Life is. It goes. It does not count . . . No one transcends. There is no future and no past. There is no remedy for death – or birth – except to hug the spaces in between. Live loud. Live wide. Live tall.
It’s almost enough to make you titter.
Which is why, despite all his serious efforts, the Rev. Crace remains rather amusing – in the same way that, say, D.H. Lawrence, the Most Rev., was rather amusing. To be holy is to be ridiculous, and also to lack a sense of the ridiculous. After a lifetime’s searching, Lawrence finally found some kindred spirits, a people worthy of respect, the Etruscans. ‘To the Etruscan all was alive,’ he wrote in Etruscan Places, ‘the whole universe lived; and the business of man was himself to live amid it all. He had to draw life into himself, out of the wandering huge vitalities of the world.’ The only problem with the Etruscans, of course, was that they were dead. They would have hit it off with Crace.
Death is inescapable in his work. Indeed, most of his characters seem to have achieved a state of non-being. In Being Dead this is literally the case: Joseph and Celice are murdered at the beginning of the book and decompose through the course of it. Arcadia begins: ‘No wonder Victor never fell in love. A childhood like the one he had would make ice-cubes of us all.’ Aymer Smith, in Signals of Distress, is completely other-worldly. And every story in Continent ends either with thoughts of immortality or in diminuendo: ‘There was too much passion, and too much noise, and I am far too distant from the gate’; ‘A great whoop from the villagers . . . as the winner of the race crossed the line of shadow marked at the side of the store by a low sinking sun.’ All the characters Crace most admires, the men he writes about most compellingly, wonder at the great, the common and the simple things of the world, drawing life into themselves, like Lawrence’s Etruscans, or the dead on holiday. Rook, in Arcadia, for example, who could tell, ‘by smell, by patina, by shape (no easy task) a Trakana cherry from a Wijnkers, and know, before he broke the skin, which aubergines were soured, which peas had greyed inside their pods’. Reading Crace is like an outing with one of Wim Wenders’s angels, or at least an evening class with an urban shaman, an education in the stuff of life: a beginner’s guide to earth, fire, air and water. You can learn from him not only how to test fruit, but also how to boil eggs without a pan, how to slaughter a cow, and how to slake your thirst sucking stones. He clearly admires, and dispenses knowledge of nature’s healing powers, and his books offer a wealth of arcane, incidental and – one suspects – entirely spoof and bluffed information about flora, fauna, insect-life and the weather. It’s a strange combination of magic and physics: for all his work’s hearty rationalism and materialism you half-expect elves and fairies.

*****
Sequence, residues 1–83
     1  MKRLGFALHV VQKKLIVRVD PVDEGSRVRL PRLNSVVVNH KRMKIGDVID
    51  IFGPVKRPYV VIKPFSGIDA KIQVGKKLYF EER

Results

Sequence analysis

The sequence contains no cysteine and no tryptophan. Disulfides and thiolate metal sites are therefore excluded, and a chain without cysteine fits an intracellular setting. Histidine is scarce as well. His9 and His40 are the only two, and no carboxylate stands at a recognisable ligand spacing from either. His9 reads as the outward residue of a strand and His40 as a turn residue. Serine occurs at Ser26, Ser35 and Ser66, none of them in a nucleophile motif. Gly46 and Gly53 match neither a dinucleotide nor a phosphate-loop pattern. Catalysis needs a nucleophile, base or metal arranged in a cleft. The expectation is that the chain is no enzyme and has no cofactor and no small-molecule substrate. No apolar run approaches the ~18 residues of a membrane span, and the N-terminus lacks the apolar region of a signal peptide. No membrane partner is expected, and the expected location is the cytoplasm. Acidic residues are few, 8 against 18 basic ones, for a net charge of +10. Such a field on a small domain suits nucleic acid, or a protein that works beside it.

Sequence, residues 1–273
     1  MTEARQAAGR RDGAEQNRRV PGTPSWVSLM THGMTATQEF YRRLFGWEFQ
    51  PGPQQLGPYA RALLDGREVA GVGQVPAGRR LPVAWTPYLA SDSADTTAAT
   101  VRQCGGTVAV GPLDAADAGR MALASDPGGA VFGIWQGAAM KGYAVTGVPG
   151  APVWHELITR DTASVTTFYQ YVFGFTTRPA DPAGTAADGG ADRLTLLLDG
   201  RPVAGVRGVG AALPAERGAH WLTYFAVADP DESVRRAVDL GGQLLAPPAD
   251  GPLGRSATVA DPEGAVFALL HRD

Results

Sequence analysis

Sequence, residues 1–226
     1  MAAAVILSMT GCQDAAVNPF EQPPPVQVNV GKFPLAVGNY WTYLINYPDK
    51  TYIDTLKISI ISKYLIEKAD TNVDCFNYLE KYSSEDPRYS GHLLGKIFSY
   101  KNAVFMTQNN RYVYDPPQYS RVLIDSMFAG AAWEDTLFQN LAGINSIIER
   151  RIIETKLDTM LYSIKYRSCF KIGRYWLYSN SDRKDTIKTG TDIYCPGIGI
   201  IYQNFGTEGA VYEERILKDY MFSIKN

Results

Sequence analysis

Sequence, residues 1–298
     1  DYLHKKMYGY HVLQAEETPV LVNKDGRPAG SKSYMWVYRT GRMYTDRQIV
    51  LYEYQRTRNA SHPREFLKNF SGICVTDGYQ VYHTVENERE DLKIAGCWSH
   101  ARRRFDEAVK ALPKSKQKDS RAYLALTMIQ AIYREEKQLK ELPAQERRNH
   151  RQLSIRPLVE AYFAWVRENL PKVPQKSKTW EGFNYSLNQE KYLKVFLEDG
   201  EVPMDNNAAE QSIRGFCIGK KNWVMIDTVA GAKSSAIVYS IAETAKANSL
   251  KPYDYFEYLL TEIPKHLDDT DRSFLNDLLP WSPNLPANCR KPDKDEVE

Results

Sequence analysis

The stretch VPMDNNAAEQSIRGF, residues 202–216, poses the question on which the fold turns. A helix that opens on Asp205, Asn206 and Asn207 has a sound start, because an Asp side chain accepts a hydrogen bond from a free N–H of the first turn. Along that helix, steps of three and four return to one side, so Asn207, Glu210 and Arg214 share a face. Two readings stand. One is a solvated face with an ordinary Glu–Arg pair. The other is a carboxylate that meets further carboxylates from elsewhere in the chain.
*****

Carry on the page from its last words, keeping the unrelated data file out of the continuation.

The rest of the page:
Which explains The Devil’s Larder, a book both weird and convincing. It claims, this thing, to be a ‘cumulative novel’ in 64 parts, in the same way that Continent, a collection of stories, was read as a novel. Crace cites Primo Levi’s The Periodic Table and Calvino’s Invisible Cities as examples of similar enterprises. They are not, except in that they are both sui generis. The Devil’s Larder might best be described as a book of insights. The stories are smorgasbits: bite-size parables, folk tales, visions, whimsies, prose-poems, jokes and good advice, wrapped up in pastry parcels. Imagine M.F.K. Fisher deboned, gutted, sliced, rolled around in flour and filo, and cooked in the oven at Gas Mark 7. Crace offers up his stories on a plate: ‘Here is a question for your guests, next time you dine with new acquaintances at home.’ He does sweet: a waiter whose ‘party trick had been to sing out the names of all the 90 types of pastas, in alphabetical order, in less than three minutes’. And sour: a man in an office smelling of ‘Sunday’s garlic’, who can’t understand why his colleagues shrink away from him (‘They could not possibly have heard how badly he’d behaved the night before, how slyly and how grossly’). There’s a spread, if you like; a full platter. The shortest chapter of the book consists of just two words (‘oh honey’), and the longest lasts for fewer than a dozen pages. They’re all quite delicious.